freaking me out

Those are the ones I think are particularly worth talking about with the learners.

7) Ask the students what they think he means by the phrase

But you’re still the one pool
Where I’d happily drown

(But despite everything, he knows that NYC is the only place where he can live. Also notice how he sings “Maybe I’m wrong” and “Maybe I’m right”, which suggests that he can’t make up his mind.)

8) Ask the students if they identify with the singer when they think about where they live. Ask them to divide a piece of paper into two columns, and write 5 things they love about their city / town / village etc in one column, and 5 things they don’t in the other.

9) Ask them to share with a partner and discuss the similarities and differences. When they’ve finished, put all their ideas on the board, also in two columns, and together identify the recurring themes.

10) Put students in groups of threes or fours (not including their previous partner) and ask them to discuss the issues raised by these lists. Do they think there is anything specific that can be done to improve the negatives and maintain the positives? You could extend this into a project where they identify problems where they live and suggest a plan of action.

To see more of my Songs In The Key Of ELT, click here.

Book review: Punctuation…? by User Design


Readers of this blog will remember a previous post in which I argue that punctuation errors by students shouldn’t be ignored…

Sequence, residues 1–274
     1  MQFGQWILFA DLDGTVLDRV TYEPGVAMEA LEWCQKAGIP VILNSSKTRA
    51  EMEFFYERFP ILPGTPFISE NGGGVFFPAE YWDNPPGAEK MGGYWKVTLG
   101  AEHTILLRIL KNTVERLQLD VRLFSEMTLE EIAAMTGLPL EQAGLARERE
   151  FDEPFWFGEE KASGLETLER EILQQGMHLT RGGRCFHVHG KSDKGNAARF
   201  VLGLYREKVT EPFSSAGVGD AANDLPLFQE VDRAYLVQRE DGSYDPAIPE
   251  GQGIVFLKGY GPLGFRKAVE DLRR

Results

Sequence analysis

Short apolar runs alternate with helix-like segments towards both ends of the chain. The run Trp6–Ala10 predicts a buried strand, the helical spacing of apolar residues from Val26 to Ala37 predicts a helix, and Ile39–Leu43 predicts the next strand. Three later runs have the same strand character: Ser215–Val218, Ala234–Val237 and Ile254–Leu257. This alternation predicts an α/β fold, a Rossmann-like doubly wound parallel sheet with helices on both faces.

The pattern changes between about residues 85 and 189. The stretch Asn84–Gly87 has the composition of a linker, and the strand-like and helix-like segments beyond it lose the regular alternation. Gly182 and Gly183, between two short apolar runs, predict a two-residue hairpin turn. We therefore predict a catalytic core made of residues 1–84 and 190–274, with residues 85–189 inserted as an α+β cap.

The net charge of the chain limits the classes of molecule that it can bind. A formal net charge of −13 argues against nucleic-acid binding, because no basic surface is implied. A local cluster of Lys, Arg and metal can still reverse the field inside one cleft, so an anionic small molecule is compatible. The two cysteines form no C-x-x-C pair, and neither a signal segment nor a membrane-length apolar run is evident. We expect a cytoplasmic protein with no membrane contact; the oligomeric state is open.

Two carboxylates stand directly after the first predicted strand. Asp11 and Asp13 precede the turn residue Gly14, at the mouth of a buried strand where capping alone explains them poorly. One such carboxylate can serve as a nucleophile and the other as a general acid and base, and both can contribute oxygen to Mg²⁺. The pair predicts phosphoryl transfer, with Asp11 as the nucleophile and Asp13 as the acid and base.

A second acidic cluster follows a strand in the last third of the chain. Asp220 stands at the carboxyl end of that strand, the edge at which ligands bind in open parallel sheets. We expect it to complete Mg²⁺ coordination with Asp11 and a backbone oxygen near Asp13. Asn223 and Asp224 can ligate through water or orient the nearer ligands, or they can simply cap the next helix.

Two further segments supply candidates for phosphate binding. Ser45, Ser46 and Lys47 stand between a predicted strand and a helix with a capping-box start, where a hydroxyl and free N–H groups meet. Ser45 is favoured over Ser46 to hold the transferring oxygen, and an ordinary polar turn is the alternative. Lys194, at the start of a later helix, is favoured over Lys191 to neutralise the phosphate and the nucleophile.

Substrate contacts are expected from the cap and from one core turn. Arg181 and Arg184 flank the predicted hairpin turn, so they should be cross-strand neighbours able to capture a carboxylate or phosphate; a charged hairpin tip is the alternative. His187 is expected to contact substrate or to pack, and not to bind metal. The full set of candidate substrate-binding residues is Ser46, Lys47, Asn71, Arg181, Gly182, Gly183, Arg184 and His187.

There is a temptation to ignore (punctuation errors) which must be resisted, I think. It’s very easy to think that the priority must be the vocabulary and grammar, and while I would agree with that, it doesn’t have to come at the expense of form. If the students are writing in the first place, they need to understand that in a professional capacity, which is how most students will use their writing abilities in English, poor writing can create a lasting and damaging impression.

So you can imagine how pleased I was when I had the opportunity to get my hands on the book Punctuation…? by User Design. The book is a handy and accessible guide to the rules of punctuation, accompanied by witty and original illustrations.

Each chapter describes how different punctuation marks, from the often confusing apostrophe to the underemployed semicolon, are used in text that clearly and directly explains the rules. As a teacher, I particularly appreciated the straightforward nature of the descriptions and in this respect the book is an excellent resource for teachers who wish to have a quick and easy reference for checking students work and explaining the functions and use of punctuation marks to their students.

I also enjoyed some of the more esoteric punctuation marks described. These include the pilcrow, guillemets and the interpunct. Admittedly, these aren’t very useful for your everyday teacher, but if you’re a bit of a word nerd, you’ll find them interesting.